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22 November 2012
10,000-year-old home unearthed in Scotland

The remains of what is believed to be one of Scotland's earliest homes have been uncovered in a field at Echline, South Queensferry (part of Edinburgh) during construction works for the new Forth road crossing.
     Rod McCullagh, a senior archaeologist at Historic Scotland, said: "The radiocarbon dates that have been taken from this site show it to be the oldest of its type found in Scotland." The site dates from the Mesolithic period, about 10,000 years ago. A large oval pit nearly 7 metres in length is all that remains.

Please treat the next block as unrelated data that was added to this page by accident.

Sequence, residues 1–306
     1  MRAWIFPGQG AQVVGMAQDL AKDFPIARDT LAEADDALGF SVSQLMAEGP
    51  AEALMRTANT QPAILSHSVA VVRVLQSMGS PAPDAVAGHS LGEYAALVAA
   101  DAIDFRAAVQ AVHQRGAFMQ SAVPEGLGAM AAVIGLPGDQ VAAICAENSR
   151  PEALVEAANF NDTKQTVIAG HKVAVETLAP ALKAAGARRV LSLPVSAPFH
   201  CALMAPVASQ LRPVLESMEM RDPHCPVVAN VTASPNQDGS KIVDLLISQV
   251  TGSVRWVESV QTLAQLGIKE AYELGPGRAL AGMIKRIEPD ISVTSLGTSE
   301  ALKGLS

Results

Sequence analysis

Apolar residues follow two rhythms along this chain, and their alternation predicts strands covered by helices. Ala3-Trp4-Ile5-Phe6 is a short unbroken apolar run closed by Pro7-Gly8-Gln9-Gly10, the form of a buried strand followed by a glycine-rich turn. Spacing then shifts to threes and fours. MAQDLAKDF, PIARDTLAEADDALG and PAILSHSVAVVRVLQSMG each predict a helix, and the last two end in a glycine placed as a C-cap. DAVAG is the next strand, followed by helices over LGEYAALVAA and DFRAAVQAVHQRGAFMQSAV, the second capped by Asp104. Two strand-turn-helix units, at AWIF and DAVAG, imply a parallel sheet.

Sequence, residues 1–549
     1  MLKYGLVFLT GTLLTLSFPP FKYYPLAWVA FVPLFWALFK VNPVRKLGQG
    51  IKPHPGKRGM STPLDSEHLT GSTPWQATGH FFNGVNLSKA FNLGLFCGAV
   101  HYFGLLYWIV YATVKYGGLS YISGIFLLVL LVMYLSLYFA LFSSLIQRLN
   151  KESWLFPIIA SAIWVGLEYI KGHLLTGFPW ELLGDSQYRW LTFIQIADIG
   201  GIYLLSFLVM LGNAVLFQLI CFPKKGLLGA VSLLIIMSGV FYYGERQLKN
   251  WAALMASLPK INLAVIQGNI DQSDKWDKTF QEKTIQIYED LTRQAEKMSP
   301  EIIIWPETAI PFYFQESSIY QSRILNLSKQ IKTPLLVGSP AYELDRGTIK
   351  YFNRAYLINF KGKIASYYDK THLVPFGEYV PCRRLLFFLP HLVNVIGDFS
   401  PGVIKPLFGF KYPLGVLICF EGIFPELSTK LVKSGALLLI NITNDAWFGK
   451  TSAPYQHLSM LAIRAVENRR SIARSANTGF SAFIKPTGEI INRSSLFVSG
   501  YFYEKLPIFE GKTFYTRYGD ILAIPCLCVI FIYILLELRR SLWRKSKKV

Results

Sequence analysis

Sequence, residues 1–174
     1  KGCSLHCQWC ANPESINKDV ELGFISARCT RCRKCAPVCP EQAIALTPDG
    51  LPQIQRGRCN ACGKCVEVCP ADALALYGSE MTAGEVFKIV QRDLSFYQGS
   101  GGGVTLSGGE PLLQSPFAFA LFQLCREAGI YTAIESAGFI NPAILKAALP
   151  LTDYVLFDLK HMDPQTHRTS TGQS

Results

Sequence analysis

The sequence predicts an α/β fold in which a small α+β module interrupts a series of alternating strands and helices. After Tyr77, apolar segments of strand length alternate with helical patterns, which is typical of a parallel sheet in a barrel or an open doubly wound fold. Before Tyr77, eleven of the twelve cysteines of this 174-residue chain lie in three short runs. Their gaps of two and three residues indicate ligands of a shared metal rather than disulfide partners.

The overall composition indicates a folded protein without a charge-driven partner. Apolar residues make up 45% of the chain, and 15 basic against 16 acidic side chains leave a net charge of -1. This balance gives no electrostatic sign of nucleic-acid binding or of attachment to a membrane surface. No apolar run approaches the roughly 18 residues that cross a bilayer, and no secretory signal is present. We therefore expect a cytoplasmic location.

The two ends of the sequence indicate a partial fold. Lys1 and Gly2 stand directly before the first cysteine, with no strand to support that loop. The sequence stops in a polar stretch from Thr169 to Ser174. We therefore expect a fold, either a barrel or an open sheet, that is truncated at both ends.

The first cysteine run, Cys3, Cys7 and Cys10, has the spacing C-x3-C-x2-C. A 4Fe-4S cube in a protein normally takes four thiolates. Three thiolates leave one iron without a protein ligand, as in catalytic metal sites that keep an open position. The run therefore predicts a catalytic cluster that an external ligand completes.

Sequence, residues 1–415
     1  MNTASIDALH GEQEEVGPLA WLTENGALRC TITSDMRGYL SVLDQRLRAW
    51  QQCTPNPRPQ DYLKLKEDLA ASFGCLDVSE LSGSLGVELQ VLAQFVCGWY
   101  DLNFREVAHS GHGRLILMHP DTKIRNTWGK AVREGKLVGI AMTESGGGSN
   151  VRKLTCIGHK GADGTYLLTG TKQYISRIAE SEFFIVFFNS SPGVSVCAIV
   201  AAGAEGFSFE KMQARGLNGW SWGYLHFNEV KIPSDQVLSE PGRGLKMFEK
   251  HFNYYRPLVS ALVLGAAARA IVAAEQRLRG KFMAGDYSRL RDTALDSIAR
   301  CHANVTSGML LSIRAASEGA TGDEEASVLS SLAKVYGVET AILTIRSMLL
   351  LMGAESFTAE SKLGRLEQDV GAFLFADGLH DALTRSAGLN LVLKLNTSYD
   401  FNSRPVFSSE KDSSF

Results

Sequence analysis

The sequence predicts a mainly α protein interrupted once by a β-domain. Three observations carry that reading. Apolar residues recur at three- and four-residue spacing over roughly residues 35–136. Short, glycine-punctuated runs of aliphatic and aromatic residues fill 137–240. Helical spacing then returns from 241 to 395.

Wooden posts would have supported the walls and roof, probably covered with turf. Several internal fireplaces were identified, and more than 1,000 flint artefacts found, including tools and arrowheads. Other discoveries included large quantities of charred hazelnut shells, suggesting they were an important source of food.
     Archaeologists believe the dwelling would have been occupied on a seasonal basis, probably during the winter months.

Edited from BBC News, The Telegraph (18 November 2012)

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